Duke Fuqua saw a jump in applications to its Daytime MBA this year. Duke photo
Add another top business school to the growing group that has reversed its MBA application fortunes amid — and despite — the coronavirus pandemic.
Duke University’s Fuqua School of Business released its Daytime MBA Class of 2022 profile this week showing a markedly better application total and improvements in a number of key areas. But while it’s tempting to attribute the numbers to the school’s addition of a fourth application round as the pandemic hit in March — particularly its 10.5% jump in apps — Shari Hubert, Duke Fuqua’s associate dean for admissions, says the numbers already were trending that way before Covid-19.
“About 50% of our overall application increase came in before the fourth round,” Hubert tells Poets&Quants. “So we actually were already up in applications, by about 5% overall, before we decided to create the fourth round.”
PRE-COVID EFFORTS BEAR FRUIT
Duke, like UC-Berkeley, Columbia Business School, NYU Stern, and others, turned around a three-year slide in applications that saw the school lose 14.6% of its app volume between 2018 and 2019; going back three cycles, the Fuqua School had lost one-fifth — fully 20% — of its apps. The 3,356 applications in 2020 are 320 more than last year, though the total is still about 200 below Duke’s 2018 mark.
Hubert says Duke’s pre-coronavirus investments paid off.
“We did invest a lot in hosting over 200 events that prior year, and that would have driven those applications,” she says. “We activated a much more high-touch campaign geared toward those applicants who were in the process of completing their applications, but had not submitted yet, to ensure that they were able to get all the information they needed in order to complete the submission. So going through the process, it was much more high-touch tactically.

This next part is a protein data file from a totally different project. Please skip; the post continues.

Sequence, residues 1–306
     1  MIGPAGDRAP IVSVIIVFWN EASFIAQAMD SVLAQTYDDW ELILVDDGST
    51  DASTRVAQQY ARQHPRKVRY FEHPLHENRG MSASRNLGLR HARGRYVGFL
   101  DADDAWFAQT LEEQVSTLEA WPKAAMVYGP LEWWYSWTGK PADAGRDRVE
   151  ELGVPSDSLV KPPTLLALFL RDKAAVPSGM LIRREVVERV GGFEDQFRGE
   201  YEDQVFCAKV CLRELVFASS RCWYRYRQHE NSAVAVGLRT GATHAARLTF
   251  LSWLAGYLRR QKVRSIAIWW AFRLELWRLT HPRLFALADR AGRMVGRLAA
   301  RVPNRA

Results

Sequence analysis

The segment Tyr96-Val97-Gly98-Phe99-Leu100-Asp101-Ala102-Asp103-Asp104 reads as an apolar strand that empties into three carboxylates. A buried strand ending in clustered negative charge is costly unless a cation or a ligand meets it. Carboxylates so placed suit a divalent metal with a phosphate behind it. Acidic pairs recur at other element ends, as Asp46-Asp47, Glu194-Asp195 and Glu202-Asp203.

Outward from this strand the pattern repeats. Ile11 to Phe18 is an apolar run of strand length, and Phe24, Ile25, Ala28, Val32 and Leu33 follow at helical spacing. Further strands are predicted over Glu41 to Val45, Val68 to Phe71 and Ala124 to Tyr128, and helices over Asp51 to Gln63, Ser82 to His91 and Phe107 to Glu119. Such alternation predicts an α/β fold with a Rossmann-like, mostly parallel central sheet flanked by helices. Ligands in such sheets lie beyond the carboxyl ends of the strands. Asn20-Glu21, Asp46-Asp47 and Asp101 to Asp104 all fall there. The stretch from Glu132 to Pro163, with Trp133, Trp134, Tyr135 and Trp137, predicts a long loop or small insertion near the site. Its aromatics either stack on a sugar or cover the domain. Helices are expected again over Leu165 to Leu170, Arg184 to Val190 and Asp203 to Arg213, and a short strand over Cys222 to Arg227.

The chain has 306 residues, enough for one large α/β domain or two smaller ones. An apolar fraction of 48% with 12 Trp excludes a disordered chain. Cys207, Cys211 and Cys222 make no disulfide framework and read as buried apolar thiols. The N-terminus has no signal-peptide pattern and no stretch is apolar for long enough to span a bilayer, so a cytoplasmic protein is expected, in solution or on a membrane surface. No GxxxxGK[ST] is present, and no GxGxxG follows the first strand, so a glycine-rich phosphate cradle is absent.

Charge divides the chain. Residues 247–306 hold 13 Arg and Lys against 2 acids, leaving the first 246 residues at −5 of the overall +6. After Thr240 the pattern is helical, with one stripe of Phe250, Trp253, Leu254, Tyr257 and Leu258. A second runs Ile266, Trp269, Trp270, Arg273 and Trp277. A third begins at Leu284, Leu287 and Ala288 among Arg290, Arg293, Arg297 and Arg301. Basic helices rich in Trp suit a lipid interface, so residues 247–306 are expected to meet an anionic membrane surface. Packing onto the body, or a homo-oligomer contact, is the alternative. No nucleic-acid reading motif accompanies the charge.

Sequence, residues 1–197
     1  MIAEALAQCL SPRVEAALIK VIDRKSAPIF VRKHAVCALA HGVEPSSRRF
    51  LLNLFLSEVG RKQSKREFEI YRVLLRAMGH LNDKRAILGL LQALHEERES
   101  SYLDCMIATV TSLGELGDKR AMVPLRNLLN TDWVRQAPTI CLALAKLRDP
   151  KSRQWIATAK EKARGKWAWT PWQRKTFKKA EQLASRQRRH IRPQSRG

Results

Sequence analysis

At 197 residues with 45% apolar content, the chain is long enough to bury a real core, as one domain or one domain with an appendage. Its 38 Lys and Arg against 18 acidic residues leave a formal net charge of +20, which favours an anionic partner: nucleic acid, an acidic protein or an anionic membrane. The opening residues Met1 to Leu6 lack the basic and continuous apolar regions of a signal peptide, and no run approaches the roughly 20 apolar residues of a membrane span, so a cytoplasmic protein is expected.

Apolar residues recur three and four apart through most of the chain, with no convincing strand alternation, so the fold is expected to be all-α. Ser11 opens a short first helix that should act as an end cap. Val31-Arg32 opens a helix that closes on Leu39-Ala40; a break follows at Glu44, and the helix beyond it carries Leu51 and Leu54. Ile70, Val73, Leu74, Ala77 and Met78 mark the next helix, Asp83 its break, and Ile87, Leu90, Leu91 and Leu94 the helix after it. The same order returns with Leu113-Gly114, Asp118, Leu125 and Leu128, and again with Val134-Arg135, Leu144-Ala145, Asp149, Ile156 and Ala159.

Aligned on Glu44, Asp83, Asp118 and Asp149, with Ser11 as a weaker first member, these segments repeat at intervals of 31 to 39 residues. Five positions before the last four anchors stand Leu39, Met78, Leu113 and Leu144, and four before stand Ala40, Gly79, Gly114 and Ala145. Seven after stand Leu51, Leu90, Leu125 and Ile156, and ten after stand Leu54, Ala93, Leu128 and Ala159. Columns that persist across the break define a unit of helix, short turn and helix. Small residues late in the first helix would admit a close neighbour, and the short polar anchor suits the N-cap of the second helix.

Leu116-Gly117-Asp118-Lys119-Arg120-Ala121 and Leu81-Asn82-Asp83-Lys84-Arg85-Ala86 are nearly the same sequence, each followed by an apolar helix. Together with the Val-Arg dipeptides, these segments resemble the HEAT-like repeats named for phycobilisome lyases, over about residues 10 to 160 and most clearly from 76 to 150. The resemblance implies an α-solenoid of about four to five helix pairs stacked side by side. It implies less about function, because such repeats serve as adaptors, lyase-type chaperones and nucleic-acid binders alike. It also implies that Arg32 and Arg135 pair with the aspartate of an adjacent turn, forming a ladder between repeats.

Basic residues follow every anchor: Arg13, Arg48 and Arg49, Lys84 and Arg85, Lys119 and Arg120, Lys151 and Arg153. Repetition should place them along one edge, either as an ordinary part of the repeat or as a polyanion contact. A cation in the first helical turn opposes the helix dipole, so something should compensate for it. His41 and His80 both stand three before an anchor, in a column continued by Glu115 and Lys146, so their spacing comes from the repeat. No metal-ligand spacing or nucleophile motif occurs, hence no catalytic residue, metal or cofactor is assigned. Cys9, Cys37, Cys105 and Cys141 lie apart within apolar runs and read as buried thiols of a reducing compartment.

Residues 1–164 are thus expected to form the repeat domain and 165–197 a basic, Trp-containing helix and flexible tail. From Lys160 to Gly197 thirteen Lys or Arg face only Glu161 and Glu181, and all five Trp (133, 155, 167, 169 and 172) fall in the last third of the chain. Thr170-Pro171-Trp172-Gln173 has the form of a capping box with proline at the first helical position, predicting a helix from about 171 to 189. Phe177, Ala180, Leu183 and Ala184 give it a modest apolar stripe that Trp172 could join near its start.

“There was a wave of many schools seeing a bit of an increase, but I think many schools saw it after their fourth round or their final round. We were seeing it before we decided that fourth round.”
ACCEPTANCE RATE CLIMBS, YIELD DROPS, GMAT DIPS
Shari Hubert, Duke Fuqua associate dean for admissions. Duke photo
Duke Fuqua’s fourth round lasted 69 days between March 11 and May 19, and though Hubert says it will not be a permanent addition, it did contribute to increased applications, heightened interest from women, and — defying an array of cultural and practical obstacles — internationals.
Already a leader in women’s enrollment, Fuqua this year improved its female representation to 46% from 43%, a total likely to land the school among B-school leaders nationally and globally. “As a community, we really value and recognize the importance of getting to gender parity,” Hubert says. “It’s not just one thing. I think it’s a collective effort that we saw with our staff, our faculty, our students, our alumni engagement: We absolutely invested scholarship dollars and we really had an active outreach effort.”